International SOS Offers Tips for a Busy 2013 Holiday Season

2013-12-19 14:41 768

Planning ahead can make a real difference - and help travellers avoid major problems on roads, rails, and in the sky

BEIJING, Dec. 19, 2013 /PRNewswire/ -- As millions prepare to spend the holiday season with family and friends, International SOS is offering tips to keep travellers healthy, safe and secure.

Journeys during the holiday season can be congested and chaotic, but by following some common-sense guidelines, people can still have an enjoyable experience-and avoid common travel headaches.

"We are expecting travel during the holiday season and into 2014 may be busier and more challenging than last year, particularly for those going to more remote and exotic destinations," said Dr. Gordon Peters, Medical Director for North Asia.

"For that reason, we want to help travellers minimise the risks that come with travel disruptions-whether those disruptions are a simple nuisance or cause for a medical emergency."

According to the Duty of Care and Travel Risk Management Global Benchmarking Study, delays were the number one travel risk identified by 628 global organisations.

Jean-Fernand Perenne, Travel Security Director for International SOS and Control Risks in China added:

"Preparation is key and following some simple guidelines before heading out, can make the difference between a satisfying trip and one filled with inconveniences."

Tips to keep in mind

Always be prepared

The value of advance planning can't be overstated. In general, people spend more time researching restaurants or events than investigating medical and security threats. For international travel, know your schedule, have access to good maps, learn a few phrases in the local language and research any issues in advance. Also, be sure to follow the news for the area in where you are travelling - it is a good way to stay on top of local issues that may arise. For domestic travel, be sure to check for highway conditions online. If you're flying, look online to ensure the flight is still on time before you leave.

Communication is key

Can you make international calls from your mobile phone? Will your charger work where you're going?  Do you know how to contact your global travel assistance provider? These are critical points to address before leaving home. Ensure you can make international calls, get a charger that will work and pre-program essential contact information so you're not scrambling to find the right number or email address during a tricky situation. Finally, make sure your friends and family know where you're going and how to reach you once you arrive. It's also a good idea to leave copies of travel documents - like your passport and itinerary - with friends or family, and securely store copies electronically, either in the cloud or by e-mailing them to yourself for easy retrieval.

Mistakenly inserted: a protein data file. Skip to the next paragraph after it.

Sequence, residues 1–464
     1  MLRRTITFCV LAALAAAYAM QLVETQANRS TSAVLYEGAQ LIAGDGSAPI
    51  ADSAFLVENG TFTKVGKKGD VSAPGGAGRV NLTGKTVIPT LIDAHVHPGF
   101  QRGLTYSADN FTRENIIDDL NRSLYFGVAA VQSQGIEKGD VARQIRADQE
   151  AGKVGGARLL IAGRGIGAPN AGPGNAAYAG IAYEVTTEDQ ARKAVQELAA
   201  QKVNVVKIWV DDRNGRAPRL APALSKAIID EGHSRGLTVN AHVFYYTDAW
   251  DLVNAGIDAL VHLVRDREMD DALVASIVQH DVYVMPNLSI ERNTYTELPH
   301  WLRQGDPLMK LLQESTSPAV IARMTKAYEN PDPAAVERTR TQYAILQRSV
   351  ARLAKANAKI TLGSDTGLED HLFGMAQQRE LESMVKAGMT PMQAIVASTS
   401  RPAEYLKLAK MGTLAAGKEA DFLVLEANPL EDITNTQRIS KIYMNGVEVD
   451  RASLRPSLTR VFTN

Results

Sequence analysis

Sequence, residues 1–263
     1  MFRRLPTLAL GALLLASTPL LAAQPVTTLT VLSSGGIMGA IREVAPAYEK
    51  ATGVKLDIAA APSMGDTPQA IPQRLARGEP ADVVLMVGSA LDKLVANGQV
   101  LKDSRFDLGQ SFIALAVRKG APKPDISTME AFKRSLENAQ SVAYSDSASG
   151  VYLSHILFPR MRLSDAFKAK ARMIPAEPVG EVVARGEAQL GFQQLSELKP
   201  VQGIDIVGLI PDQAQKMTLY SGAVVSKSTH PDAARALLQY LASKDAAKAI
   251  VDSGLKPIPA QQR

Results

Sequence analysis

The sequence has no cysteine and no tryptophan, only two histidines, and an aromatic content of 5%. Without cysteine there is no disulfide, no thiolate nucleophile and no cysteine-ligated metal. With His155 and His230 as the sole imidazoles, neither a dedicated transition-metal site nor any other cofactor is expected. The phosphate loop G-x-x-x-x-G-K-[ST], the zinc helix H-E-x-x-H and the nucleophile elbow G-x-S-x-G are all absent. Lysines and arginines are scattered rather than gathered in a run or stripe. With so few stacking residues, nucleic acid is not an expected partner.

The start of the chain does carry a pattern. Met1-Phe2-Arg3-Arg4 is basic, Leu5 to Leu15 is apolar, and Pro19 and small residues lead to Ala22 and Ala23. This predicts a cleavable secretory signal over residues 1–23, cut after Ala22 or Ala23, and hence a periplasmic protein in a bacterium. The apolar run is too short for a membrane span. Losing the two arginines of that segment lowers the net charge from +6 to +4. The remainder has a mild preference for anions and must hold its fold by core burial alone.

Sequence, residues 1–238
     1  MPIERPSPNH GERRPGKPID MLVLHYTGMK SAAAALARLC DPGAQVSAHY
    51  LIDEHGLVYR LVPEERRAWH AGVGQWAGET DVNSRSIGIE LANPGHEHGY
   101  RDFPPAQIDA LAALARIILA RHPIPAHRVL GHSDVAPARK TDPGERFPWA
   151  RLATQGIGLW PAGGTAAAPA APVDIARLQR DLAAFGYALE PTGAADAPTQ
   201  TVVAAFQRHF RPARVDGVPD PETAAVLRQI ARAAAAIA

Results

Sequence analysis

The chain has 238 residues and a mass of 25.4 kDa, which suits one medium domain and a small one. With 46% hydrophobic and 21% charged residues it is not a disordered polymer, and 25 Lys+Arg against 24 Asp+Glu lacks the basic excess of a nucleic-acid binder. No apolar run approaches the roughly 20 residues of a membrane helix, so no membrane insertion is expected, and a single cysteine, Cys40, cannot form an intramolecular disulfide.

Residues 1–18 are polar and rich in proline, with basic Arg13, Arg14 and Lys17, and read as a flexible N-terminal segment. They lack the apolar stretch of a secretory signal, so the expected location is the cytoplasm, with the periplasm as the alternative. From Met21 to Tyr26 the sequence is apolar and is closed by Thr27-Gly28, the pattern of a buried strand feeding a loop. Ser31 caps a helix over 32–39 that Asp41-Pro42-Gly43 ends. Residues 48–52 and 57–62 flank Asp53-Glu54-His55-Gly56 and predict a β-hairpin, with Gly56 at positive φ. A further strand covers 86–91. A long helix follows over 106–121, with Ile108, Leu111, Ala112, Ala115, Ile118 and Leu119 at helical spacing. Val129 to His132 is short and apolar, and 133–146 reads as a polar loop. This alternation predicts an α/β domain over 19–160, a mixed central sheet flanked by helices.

Stay healthy

An unexpected stay in hospital can ruin a long-planned trip and navigating an unfamiliar healthcare system can be daunting for even the most seasoned travellers. Before you leave, make sure you know how your personal health could be affected by your destination. For example, travellers to high-risk countries are six times more likely to be hospitalised than in less risky destinations, according to research last year in the Journal of Occupational and Environmental Medicine. Be on the lookout for unsafe water and be sure to bring more prescription drugs than you'd normally need.  Always place it in carry-on luggage and in its original container. Eat as healthy as you can and remember that flying can dehydrate you-so always drink plenty of water. Finally, consider that infections are easily spread in much of the world and new strains constantly surface (like the new MERS coronavirus in the Middle East). Wash your hands frequently and practice safe personal hygiene.

Watch for potential trouble spots

Again, this starts before you leave home. Demonstrations that have flared in many countries recently may look like history in the making, but these should be avoided-even when it's a tourist-friendly country like Thailand, Brazil, or Egypt. Similarly, foreigners can be easy targets for thieves, so research common scams in the locations you will visit. Investigate the routes you will take from the airport or train station to the hotel. Remember, security is ultimately your responsibility.

Don't underestimate road dangers

The threat of terrorism and natural disasters is far exceeded by traffic accidents-in which 25,000 international travellers are killed each year. In fact, vehicle crashes are the number one hazard for travellers and the main reason International SOS receives calls for evacuation. In many parts of the world, driving is chaotic, streets are crowded and roads badly maintained. Therefore, unless you are well acquainted with local road conditions, do not drive on your own. Look for a trusted driver, always wear your seatbelt and speak up if you feel unsafe. According to the CDC injuries cause 10 times more tourist deaths each year than diseases.

Are you covered?

Does your medical insurance provider cover your medical expenses in a foreign country? Typically, consumers are told to pay the bills, save their receipts and in all likelihood they'll get reimbursed. However, in many countries payment is expected before treatment and often only local currency is accepted. Savvy travellers enroll with a medical and security assistance provider that can tell them where to find quality medical care. This might be routine advice or in an emergency, a guarantee of payment for medical expenses or a medical evacuation.

By following these guidelines, travellers should be able to stay safe and healthy this busy holiday season.  For more information on risks associated with traveling, visit the International SOS website or the International SOS blog, Dialogues on Duty of Care.

Source: International SOS